Signals

GObject signals are a system for registering callbacks for specific events. For example, if we press on a button, the "clicked" signal will be emitted. The signal then takes care that all the registered callbacks will be executed.

gtk-rs provides convenience methods for registering callbacks. In our "Hello World" example we connected the "clicked" signal to a closure which sets the label of the button to "Hello World" as soon as it gets called.

Filename: listings/hello_world/3/main.rs

use gtk::prelude::*;
use gtk::{Application, ApplicationWindow, Button};
const APP_ID: &str = "org.gtk_rs.HelloWorld3";

fn main() {
    // Create a new application
    let app = Application::builder().application_id(APP_ID).build();

    // Connect to "activate" signal of `app`
    app.connect_activate(build_ui);

    // Run the application
    app.run();
}

fn build_ui(app: &Application) {
    // Create a button with label and margins
    let button = Button::builder()
        .label("Press me!")
        .margin_top(12)
        .margin_bottom(12)
        .margin_start(12)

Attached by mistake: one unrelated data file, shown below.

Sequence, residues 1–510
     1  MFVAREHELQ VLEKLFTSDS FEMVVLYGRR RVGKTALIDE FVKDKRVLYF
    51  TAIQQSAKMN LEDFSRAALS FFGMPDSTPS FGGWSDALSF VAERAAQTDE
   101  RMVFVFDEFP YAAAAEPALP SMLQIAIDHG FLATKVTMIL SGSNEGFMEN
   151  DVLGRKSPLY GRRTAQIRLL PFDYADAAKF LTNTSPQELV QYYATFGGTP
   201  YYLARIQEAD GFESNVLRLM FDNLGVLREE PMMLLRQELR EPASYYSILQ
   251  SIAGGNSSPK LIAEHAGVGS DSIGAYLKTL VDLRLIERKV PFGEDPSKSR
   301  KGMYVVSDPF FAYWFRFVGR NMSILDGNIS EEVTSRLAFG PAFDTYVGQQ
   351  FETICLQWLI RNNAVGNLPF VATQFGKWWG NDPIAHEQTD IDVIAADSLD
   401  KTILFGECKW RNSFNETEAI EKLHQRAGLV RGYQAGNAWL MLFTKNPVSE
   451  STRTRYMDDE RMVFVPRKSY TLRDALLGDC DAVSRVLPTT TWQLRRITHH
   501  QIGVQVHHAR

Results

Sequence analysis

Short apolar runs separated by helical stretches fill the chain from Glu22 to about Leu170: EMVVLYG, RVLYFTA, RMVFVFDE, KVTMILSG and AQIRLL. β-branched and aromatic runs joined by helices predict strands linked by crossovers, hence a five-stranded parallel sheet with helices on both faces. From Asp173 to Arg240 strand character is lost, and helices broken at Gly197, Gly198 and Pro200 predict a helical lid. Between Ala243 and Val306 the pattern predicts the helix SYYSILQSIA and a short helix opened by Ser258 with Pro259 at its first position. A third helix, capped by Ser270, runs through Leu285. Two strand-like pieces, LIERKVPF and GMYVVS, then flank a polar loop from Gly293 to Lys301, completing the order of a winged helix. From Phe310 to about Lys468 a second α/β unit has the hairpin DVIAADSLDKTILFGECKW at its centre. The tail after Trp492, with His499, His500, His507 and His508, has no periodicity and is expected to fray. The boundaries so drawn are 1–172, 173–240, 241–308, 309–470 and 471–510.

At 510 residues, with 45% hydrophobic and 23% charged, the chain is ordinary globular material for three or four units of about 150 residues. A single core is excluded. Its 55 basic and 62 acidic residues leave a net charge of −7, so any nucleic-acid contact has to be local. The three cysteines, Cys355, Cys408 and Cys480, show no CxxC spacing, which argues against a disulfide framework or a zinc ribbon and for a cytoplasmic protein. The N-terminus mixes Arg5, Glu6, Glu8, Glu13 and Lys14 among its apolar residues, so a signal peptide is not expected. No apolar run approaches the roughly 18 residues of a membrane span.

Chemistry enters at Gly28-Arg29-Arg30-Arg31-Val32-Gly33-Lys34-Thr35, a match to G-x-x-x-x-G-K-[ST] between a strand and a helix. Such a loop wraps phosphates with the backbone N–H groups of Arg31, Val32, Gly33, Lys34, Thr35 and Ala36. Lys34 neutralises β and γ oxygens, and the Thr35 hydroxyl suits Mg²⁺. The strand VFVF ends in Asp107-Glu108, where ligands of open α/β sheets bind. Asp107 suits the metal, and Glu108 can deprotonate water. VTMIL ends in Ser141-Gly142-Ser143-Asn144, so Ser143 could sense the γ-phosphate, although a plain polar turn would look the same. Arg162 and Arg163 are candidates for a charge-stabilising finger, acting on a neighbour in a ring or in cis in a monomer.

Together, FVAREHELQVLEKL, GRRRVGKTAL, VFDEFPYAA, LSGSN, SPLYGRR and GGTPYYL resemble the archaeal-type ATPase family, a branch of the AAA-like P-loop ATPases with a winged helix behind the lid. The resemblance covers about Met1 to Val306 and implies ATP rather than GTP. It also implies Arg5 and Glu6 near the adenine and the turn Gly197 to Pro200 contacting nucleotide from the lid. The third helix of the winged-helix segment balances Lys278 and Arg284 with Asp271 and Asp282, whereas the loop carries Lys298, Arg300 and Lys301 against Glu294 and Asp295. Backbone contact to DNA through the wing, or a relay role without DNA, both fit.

.margin_end(12)
        .build();

    // Connect to "clicked" signal of `button`
    button.connect_clicked(move |button| {
        // Set the label to "Hello World!" after the button has been clicked on
        button.set_label("Hello World!");
    });

    // Create a window
    let window = ApplicationWindow::builder()
        .application(app)
        .title("My GTK App")
        .child(&button)
        .build();

    // Present window
    window.present();
}

If we wanted to, we could have connected to it with the generic connect_closure method and the glib::closure_local! macro.

Filename: listings/g_object_signals/1/main.rs

use glib::closure_local;
use gtk::prelude::*;
use gtk::{glib, Application, ApplicationWindow, Button};

const APP_ID: &str = "org.gtk_rs.GObjectSignals1";

fn main() {
    // Create a new application
    let app = Application::builder().application_id(APP_ID).build();

    // Connect to "activate" signal of `app`
    app.connect_activate(build_ui);

    // Run the application
    app.run();
}

fn build_ui(app: &Application) {
    // Create a button
    let button = Button::builder()
        .label("Press me!")
        .margin_top(12)
        .margin_bottom(12)
        .margin_start(12)
        .margin_end(12)
        .build();

    // Connect to "clicked" signal of `button`
    button.connect_closure(
        "clicked",
        false,
        closure_local!(move |button: Button| {
            // Set the label to "Hello World!" after the button has been clicked on
            button.set_label("Hello World!");
        }),
    );


    // Create a window
    let window = ApplicationWindow::builder()
        .application(app)
        .title("My GTK App")
        .child(&button)
        .build();

    // Present window
    window.present();
}

Similar to the generic way of accessing properties, the advantage of connect_closure is that it also works with custom signals.